Sunday, February 6, 2011

Sunday Postings

Members of the Church of Jesus Christ of Latter-day Saints (the Mormons) have been counseled for years to prepare for emergencies, gather food storage, and save some money to help weather the storms that may come.  As a member of the Mormon church, I have read and reread many of these talks and quotes over the years.  They help to motivate me to keep working at it a little at a time.  I thought that it would be appropriate to share some of this counsel on Sundays here on this blog.  It will be a little motivation for the soul.

Being self-reliant is so very important.  Here is some great advice for newlyweds or any of us who have not yet started a home storage program.

When Ron Shiflet’s wedding was about a month away, he received some unexpected advice from his bishop, who encouraged him to begin storing food. The bishop explained that there was a simple and inexpensive way for his small family to succeed in home storage—even as poor college students.
“He told me to watch what was on sale each week. When we went shopping, we were to buy a couple of extra cans of food,” Ron explains. “He said the expense was so small that we would not notice it, … but that over time our food storage would add up.”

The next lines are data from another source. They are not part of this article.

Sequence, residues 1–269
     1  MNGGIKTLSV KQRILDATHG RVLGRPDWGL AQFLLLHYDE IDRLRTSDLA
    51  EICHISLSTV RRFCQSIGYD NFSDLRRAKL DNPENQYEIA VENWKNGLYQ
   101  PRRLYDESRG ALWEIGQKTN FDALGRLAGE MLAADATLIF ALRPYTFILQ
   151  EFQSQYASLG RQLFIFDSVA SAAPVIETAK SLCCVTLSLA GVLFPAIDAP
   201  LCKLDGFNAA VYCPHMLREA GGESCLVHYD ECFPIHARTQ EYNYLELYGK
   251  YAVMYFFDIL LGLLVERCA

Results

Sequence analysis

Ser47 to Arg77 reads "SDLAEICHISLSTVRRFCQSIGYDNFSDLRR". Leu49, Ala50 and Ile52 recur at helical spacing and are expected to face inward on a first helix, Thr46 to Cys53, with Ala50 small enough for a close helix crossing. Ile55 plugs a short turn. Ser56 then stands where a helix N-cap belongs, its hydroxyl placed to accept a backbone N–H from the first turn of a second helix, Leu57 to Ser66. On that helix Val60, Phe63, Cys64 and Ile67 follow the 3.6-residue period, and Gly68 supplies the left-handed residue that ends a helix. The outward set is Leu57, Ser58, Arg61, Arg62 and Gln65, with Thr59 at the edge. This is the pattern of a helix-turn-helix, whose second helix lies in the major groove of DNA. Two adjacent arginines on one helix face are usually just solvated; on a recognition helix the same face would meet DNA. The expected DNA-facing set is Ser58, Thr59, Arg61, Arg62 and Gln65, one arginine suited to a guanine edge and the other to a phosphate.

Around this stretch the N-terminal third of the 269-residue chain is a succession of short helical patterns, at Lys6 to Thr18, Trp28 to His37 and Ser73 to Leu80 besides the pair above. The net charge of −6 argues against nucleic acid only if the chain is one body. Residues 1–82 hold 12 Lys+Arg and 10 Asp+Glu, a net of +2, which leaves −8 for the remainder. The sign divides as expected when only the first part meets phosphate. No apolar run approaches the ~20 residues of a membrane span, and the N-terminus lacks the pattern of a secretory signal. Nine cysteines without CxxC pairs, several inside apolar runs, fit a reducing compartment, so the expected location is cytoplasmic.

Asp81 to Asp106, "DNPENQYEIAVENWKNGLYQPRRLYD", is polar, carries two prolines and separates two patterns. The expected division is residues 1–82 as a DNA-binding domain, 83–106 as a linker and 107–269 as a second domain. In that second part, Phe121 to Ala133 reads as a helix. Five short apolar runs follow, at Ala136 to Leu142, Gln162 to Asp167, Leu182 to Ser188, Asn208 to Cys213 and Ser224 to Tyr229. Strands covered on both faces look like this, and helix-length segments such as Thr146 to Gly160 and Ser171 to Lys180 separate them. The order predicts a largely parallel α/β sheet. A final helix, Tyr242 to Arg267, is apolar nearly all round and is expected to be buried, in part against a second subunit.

Following their wedding, Ron shared the advice he had received with his wife, Lorene, and the couple decided to give it a try. On their first shopping trip together, they purchased their regular groceries and two cans of corn, which they stored in the closet of their one-room apartment. “Those two cans became a good source of humor for us,” Ron says. “Each week the joke continued as we added two more cans.”
They soon discovered that their home storage was not a laughing matter, when six months later, Ron found himself without a job—and without money for food. He and Lorene relied on the supply in the closet to sustain them, and they immediately recognized the blessings of the principle of preparation.
Now, more than 20 years later, Ron says it’s a principle that has blessed his family in numerous ways. “I am thankful for an inspired bishop who counseled us from the beginning to save food—and who showed us how to do it even with little money,” he recalls. “It has protected us many times.”  Ensign, Sep 2009, 66–69

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